Is Working Overtime Actually Beneficial?

Posted on Wednesday, June 14, 2017 by The Office Zen MasterNo comments

So…you’re trying to impress your boss and make sure you’re the first name that comes to mind when they start thinking about promotions and progression. What can you do to put yourself at the top of their list and ensure you’re considered?

One of the first things that many workers think will influence their boss is putting in lots of overtime. After all, showing that you’re willing to work extra hours and commit yourself fully to the role is sure to work in your favour, right?

Well, not necessarily. There’s a negative side to working overtime that many people don’t understand. As an experienced London recruitment agency, we know what works and what doesn’t, so here’s why you shouldn’t resort to staying behind every night at the office to win favour with your boss.

It’s bad for your health

Working long hours and restricting your rest time when you’re not at work can be terrible for your health. One long-running study revolving around civil servants found that working overtime brings a higher risk of heart disease and heart attacks – those who work for more than three hours extra on a regular seven-hour day have a 60% higher chance of heart-related illnesses. Longer working hours also mean you’ll be running on less sleep, which can lead to a number of health issues over the long-term, including weight gain, higher risk of stroke, and elevated blood pressure.

It leads to a rise in absenteeism

Following on from the health issues, overtime could possibly lead to a rise in absenteeism. If your health is poor because you’ve been putting in so many hours at work, you could end up taking more sick days - not the result you anticipated! What started out as a way for you to win favour with the boss could end up with you missing out on work because you’ve taken so much time off.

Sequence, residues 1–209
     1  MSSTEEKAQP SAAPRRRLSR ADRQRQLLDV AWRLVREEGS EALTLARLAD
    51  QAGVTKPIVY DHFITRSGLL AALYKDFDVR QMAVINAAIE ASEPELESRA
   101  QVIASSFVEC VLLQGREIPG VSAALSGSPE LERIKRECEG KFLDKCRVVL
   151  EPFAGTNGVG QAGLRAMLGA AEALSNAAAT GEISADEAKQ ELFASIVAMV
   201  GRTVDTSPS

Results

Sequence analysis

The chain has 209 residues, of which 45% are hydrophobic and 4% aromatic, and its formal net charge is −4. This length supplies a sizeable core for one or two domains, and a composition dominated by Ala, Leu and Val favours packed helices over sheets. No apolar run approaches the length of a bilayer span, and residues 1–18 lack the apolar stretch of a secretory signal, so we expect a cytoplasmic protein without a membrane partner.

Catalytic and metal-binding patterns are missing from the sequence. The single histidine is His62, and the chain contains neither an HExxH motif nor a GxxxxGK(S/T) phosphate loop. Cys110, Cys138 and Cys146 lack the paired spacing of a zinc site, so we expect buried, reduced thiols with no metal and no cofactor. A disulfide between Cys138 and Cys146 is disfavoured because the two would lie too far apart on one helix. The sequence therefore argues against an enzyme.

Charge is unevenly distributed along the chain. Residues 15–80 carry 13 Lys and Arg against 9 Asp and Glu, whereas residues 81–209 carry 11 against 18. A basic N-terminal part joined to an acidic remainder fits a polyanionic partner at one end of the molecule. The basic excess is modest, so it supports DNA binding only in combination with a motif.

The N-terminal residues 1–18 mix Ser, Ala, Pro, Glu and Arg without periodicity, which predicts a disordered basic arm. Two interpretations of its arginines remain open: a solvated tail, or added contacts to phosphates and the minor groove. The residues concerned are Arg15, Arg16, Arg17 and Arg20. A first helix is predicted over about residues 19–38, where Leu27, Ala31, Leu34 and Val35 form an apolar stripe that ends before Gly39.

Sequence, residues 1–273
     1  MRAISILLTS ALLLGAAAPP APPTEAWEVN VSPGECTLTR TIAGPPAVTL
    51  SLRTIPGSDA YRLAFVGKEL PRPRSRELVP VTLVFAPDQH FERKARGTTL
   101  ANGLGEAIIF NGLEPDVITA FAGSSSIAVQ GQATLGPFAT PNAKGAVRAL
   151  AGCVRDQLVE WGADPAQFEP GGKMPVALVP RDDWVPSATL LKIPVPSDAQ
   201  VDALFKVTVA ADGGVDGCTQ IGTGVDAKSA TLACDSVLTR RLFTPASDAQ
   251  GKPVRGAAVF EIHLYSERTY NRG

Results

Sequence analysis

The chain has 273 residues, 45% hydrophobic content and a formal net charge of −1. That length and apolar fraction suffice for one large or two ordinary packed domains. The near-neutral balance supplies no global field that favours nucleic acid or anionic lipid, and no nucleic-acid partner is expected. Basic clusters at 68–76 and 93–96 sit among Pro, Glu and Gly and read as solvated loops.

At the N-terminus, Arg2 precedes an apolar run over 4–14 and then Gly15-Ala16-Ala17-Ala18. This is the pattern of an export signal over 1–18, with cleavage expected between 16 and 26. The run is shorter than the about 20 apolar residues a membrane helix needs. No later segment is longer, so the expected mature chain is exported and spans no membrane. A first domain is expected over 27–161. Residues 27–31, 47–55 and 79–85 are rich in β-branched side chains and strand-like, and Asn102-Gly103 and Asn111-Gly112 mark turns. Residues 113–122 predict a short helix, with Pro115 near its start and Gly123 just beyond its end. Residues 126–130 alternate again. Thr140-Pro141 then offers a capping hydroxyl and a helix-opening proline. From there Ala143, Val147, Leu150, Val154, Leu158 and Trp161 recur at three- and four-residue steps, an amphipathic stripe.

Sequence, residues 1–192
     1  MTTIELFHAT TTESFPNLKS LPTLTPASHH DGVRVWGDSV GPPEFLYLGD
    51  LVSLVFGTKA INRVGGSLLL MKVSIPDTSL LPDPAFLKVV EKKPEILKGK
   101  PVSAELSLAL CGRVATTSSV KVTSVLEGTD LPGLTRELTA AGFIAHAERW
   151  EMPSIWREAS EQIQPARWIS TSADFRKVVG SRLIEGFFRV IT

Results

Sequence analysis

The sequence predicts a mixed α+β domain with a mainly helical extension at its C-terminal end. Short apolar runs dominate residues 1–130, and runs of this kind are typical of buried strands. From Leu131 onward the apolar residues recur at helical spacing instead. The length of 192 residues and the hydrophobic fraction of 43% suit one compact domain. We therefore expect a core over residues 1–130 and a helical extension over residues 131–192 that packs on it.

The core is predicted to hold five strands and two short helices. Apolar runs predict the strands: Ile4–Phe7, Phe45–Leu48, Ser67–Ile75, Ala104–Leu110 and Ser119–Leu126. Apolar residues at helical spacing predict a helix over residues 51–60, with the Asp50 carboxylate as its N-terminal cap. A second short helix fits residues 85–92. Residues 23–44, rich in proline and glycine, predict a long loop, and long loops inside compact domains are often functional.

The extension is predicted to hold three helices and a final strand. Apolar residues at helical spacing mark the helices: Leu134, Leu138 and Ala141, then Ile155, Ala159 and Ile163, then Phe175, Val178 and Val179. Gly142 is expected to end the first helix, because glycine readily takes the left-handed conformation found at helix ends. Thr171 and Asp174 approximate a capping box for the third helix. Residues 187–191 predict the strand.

It doesn’t always make you more productive

A longer working day doesn’t necessarily mean you’re more productive. Companies in Sweden have actually introduced a six-hour working day, with the aim of encouraging staff to work more intensely during that time, rather than dragging out the work over ten or more hours. Meetings that can disrupt productivity are kept to a minimum, and other distractions are wiped out. Reports show that this approach has been highly effective.

It could even make you look bad

You might think that putting in the extra hours makes you look good – but if you’re regularly the only one who stays behind at work, it could actually work against you. A senior member of staff might wonder why you can’t seem to complete your work in regular office hours like all of your colleagues. You might come across as inefficient, and appear as though you can’t manage your time as well as other staff.

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